Top Management Support, a key factor in IS Project Success?

5 Feb


In my previous blogs I discussed how IS fails, and how to avoid failure[1]. [2]. In this blog I am going to discuss a particular critical success factor (CSF), top management support, (TMS). In a recent blog post entitled, “Critical Success Factors (CSF)”, ronanisbp blogged about CSF’s [3]. This blog post will focus solely on TMS as Young and Jordan (2008) [4] have presented an intriguing article emphasizing its importance.

In their 2008, article, “Top Management Support: Mantra or necessity?” , Young and Jordan, (2008) [4], investigate the idea of top management support, (TMS), and the role it plays in IS success. “Practitioners and Researchers alike, have focused their attention on factors they can more directly control and appear to only pay lip-service to TMS.” This paper aims to reconsider TMS from the perspective of boards and top managers. The primary research question, “How important is TMS?”

Young and Jordan, (2008), opted to examine their research question in the context of IS projects, due to the critical nature of their success. “An issue demanding board level attention because of the high levels of investment and the strategic consequences of failure.” The authors provide a broad definition of TMS in their literature review, “Top management support is defined as: devoting time to the [IS] program in proportion to its cost and potential, reviewing plans, following up on results and facilitating the management problems involved with integrating ICT with the management process of the business.”

The research question is examined using the descriptive case studies of five companies in Australia. The appendix of the articles displays all 59 interviews with project sponsors, top managers, members of the project team, and stakeholders. In the research, five CSF’s were used to evaluate whether or not TMS was the most important factor for sucesss. The results from the five companies Tech Serv, TechMedia, ABS, Agency and Sky High can be seen in the table below. The most important CSF is the top one, (TMS), and the least important is at bottom, (Project Staff). The numbers next to each CSF are the, “conventional understanding of relative importance as suggested by Standish.”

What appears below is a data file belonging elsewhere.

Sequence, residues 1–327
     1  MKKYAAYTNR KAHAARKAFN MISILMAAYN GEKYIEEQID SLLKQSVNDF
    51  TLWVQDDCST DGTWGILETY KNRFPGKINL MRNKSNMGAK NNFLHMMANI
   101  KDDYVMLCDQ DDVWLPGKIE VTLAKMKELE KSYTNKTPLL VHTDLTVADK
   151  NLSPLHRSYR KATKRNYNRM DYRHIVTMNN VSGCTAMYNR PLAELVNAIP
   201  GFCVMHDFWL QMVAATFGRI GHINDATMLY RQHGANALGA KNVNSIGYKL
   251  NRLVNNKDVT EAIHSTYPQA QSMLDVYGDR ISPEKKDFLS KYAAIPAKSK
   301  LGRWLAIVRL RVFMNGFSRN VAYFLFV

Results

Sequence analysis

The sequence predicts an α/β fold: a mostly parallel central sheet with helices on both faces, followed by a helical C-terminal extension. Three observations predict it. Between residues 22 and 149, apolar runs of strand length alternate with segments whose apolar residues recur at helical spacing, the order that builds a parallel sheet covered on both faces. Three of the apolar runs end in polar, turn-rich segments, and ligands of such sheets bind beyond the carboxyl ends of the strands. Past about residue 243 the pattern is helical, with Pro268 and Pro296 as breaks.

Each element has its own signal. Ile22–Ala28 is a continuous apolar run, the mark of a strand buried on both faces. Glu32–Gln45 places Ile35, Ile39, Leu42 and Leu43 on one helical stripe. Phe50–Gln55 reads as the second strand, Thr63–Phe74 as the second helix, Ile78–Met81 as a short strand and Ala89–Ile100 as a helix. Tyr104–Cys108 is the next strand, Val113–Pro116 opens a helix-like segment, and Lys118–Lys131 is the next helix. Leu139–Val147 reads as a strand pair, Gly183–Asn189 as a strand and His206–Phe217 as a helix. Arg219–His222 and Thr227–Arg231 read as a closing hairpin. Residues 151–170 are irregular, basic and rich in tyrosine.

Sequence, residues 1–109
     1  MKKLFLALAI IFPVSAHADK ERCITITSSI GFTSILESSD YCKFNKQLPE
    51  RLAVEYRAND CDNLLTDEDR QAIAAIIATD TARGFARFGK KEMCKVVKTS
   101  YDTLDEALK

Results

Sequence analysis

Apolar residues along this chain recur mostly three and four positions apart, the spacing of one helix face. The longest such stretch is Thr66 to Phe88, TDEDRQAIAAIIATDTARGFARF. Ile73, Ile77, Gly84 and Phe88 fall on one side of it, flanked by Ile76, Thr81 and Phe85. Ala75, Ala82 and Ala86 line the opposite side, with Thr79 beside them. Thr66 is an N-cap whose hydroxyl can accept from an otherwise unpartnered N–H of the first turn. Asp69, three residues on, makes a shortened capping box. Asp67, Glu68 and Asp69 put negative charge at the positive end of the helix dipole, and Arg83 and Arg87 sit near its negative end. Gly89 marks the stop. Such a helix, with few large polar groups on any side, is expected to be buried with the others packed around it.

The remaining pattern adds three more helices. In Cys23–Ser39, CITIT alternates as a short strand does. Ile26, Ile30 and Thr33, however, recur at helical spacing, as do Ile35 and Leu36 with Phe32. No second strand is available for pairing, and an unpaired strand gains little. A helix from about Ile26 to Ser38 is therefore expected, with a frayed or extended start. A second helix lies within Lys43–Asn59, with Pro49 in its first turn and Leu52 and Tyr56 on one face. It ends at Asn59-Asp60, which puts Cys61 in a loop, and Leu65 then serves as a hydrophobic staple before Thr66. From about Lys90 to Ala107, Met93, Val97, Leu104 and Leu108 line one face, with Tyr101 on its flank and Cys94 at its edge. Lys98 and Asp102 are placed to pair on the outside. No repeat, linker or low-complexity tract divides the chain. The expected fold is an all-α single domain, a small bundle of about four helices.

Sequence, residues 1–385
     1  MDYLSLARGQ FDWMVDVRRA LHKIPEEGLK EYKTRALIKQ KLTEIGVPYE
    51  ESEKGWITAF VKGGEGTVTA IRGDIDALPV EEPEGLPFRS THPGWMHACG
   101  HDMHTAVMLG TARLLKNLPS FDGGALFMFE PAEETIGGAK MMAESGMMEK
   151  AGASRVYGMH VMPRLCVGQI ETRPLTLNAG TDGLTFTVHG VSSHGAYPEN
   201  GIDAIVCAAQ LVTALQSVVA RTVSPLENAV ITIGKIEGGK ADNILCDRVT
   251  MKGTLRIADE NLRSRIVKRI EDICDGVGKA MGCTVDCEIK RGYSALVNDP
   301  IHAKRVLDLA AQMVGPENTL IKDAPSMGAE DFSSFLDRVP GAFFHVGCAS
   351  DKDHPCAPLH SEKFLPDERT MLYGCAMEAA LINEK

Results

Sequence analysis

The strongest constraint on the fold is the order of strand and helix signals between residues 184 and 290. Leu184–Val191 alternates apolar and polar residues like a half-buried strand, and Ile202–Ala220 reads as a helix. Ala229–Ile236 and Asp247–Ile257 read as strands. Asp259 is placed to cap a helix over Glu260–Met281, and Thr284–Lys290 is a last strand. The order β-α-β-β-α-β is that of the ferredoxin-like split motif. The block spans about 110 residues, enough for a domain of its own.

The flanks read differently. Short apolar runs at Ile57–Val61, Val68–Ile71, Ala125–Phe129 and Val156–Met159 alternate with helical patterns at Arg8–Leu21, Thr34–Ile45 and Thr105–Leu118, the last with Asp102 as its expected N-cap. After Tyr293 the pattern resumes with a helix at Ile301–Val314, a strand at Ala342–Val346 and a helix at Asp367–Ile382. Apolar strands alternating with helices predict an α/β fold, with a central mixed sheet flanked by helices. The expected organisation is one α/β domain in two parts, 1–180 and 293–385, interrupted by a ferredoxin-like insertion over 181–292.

Screen shot 2013-02-05 at 16.25.09

In their analysis of the authors reveal that the results support their hypothesis that TMS is the most important CSF. “TMS is most dependent on the ability of the project sponsor to work with other top managers to authorize business process changes and make decision to mitigate or bear risk.”

This paper rejects project staff, high level project planning, user involvement and project methodology as CSF’s in support of TMS as the ultimate CSF. Do you think that TMS is the only CSF and the other CSF’s are not as important for IS success?


[1] “Why Information Systems Fail”,

[2]”Earned Value Management and EVM Lite”,

[3]”Critical Sucess Factors (CSF)”,

[4] Young, R. Jordan, E. (2008), “Top Management Support: Mantra or Necessity”, Volume 26, Issue 7, October 2008, Pages 713-725

3 Responses to “Top Management Support, a key factor in IS Project Success?”


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